Thursday, April 10, 2008

A bad experience, and a little sunshine

When the memorial ride for bicyclist Christopher Evan Rock started shortly after 5pm in downtown SC, I was already feeling emotional. In less than a year, 4 bicyclists had been offed by cars in our city - 2 in the same spot we were riding to. As 100+ riders waited for the lights to change, I spotted a Hummer in an opposing lane and gave him the bird - Immediately, I felt disapproving eyes on my back.

There are as many kinds of bicyclists as there are people. Some ride because they can't afford a car, others ride for exercise, still others as a statement against cars - of the latter kind, there runs a spectrum of those who avoid any direct confrontation w/ automobiles and those who welcome it. I happen to fall within the "welcome" group.

Usually the differences between these two groups of bike advocates aren't that pronounced as the mainstream folks tend to be busy lobbying city council members for more bike lanes while those of the more radical ilk are busy getting arrested and tying up the streets during Critical Masses. Usually these two sides of the same coin get along just fine, sometimes they don't.

"To the right! to the right!" I am being yelled at by fellow bicyclists. You see, the plan was take up only one lane of the large street, thereby letting cars pass us on the left, and um...not making them angry. The thing is though, scoring points w/ people in cars isn't the reason I'm riding and I never said I'd adhere to the "plan."

As we reach the next intersection and stop for a red light, some folks also spill out onto the left lane but are quickly reprimanded by other bicyclists shouting, "stay to the right! We're only taking up one lane!" Most of them comply, I don't.

The stretch of road from downtown Santa Cruz to the site of Tuesday's accident is maybe a mile, 5-10 minutes worth of riding, tops. 5-10 minutes of riding in the middle of the street outside the confines of painted lanes vs. a lifetime of riding in the gutter, wincing as giant semi trucks roar past you, hoping the filthy exhaust you're breathing won't be your last taste of air - Um, I'll take option A thank you.

I articulate this loudly to everyone around me, "Come on guys! Take the whole street. When are we ever gonna have another chance like this?!"

This is met w/ a level of indignation I would think should only be reserved for cars.

"There are tons of cops out here, you're going to get us in trouble."

"This is part of the plan, you're being a jerk!"

"This is not about you."

My response: "I'm sorry I didn't hear the plan, but even if I did, I wouldn't have agreed to it. And no, this isn't about me. A guy died yesterday, we should be angry, we should be confrontational. And hey, you guys are yelling at me, I'm not trying to pick a fight with you." Or at least, that's what I try to say but I'm met with more yelling. A woman who I really admire says, "fuck you," and it feels like a butcher knife cutting my jugular vein.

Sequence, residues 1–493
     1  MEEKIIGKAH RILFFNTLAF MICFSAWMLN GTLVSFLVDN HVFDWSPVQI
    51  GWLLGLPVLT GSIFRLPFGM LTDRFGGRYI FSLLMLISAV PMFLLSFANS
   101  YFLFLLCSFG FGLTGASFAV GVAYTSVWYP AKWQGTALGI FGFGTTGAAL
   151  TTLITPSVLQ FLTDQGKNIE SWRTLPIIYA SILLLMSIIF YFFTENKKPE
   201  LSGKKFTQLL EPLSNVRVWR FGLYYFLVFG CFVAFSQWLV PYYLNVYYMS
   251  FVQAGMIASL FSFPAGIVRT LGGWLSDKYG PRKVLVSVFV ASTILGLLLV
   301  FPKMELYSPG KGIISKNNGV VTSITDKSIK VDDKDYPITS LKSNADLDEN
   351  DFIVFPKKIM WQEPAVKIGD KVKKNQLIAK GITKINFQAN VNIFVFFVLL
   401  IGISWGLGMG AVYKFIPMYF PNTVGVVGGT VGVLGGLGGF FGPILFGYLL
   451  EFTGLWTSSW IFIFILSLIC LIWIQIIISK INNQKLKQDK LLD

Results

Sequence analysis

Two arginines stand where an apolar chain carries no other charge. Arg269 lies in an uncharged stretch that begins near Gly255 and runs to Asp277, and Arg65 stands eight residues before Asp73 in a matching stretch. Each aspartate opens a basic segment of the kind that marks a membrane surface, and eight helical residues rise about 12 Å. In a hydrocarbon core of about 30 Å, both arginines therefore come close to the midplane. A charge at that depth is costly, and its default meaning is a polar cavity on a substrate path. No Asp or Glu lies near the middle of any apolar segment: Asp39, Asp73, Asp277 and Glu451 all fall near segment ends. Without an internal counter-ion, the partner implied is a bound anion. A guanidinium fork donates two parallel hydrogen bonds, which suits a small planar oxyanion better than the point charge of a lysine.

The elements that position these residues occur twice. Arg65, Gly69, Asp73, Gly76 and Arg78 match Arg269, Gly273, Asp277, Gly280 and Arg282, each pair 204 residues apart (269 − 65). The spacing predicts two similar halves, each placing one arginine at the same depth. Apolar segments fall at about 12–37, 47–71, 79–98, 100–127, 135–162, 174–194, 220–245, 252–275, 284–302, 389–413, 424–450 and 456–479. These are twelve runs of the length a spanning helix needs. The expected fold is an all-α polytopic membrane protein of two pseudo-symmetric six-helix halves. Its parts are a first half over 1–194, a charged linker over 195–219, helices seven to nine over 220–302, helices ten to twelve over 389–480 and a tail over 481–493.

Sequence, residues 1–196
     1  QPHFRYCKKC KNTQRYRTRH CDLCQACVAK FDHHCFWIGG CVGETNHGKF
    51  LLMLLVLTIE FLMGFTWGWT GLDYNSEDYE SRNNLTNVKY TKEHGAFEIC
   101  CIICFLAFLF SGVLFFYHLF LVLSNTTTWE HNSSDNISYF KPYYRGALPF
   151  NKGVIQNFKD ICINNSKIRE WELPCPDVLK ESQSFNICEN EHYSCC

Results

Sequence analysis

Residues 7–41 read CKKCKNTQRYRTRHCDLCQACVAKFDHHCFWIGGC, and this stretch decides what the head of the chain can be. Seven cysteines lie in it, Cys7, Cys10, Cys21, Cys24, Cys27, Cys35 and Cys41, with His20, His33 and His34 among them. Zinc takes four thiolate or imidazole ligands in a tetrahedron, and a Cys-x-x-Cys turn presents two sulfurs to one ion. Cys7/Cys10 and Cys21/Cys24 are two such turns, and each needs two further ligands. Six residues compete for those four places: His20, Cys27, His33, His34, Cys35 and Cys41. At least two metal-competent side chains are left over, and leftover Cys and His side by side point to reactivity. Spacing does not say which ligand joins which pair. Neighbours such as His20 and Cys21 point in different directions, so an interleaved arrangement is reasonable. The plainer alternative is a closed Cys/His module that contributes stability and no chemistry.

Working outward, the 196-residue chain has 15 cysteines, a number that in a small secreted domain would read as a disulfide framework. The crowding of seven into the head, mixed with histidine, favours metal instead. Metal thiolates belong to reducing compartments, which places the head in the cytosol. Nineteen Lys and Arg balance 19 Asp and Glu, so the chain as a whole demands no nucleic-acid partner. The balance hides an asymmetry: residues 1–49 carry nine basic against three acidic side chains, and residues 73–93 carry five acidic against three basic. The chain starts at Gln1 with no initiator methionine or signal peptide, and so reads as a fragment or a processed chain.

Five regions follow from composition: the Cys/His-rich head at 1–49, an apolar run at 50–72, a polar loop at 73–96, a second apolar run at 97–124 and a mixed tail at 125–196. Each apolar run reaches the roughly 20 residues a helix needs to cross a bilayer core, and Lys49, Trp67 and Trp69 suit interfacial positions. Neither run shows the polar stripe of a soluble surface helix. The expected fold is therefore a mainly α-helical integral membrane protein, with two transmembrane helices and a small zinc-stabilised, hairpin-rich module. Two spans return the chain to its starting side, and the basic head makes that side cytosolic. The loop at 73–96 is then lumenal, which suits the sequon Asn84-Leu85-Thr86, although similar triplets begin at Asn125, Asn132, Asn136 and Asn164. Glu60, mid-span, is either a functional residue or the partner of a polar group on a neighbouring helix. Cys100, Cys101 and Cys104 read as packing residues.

What the hell? Maybe she's right, maybe I am making this about me. I want this to be about freedom though, I want this to be about not compromising with the machines under any circumstances. What would Christopher think? What about John Myslin? What about Benjamin Mora? What about Lucian Gregg?

I back off, and move a little to the right. A million thoughts run through my head - why are the majority of folks here more willing to get into a confrontation w/ me than they are with cars? Is it the Democrats-blame-Nader game? Are these the same spineless middle class liberals who sold the anarchists out in Seattle 99? Or am I really just egoizing?

By the time we reach the intersection where Christopher was killed, most of us have moved to the right lane and cars are beginning to pass. Rather than circle around and tie up the intersection in a show of strength, we are directed into a parking lot across the street. All the while, a small platoon of cops watch at a distance.

It occurs to me that the organizers of the event probably notified the police about the action and most likely assured them that car traffic wouldn't be impacted very much. The thought of this makes me sick to my stomach. A young bike punk walks up to me and asks if this is it, if we're going to stay here or are we going to take the street? I don't know I say, I think this is it. I recall a 2006 May Day march where thousands of students held the very same intersection for a good 20 minutes while cops had to look on; I conclude that this is not going to happen today.

But I try to focus on the bright side - this is a great turnout of bicycle solidarity. Though the message about bicycles being allowed full use of the lane was ignored by the local paper (, at least the signs that got posted up stating this will stay up for a while. Christopher Evans Rock will hopefully be the last dead bicyclist we memorialize this year and that's what this is really all about.

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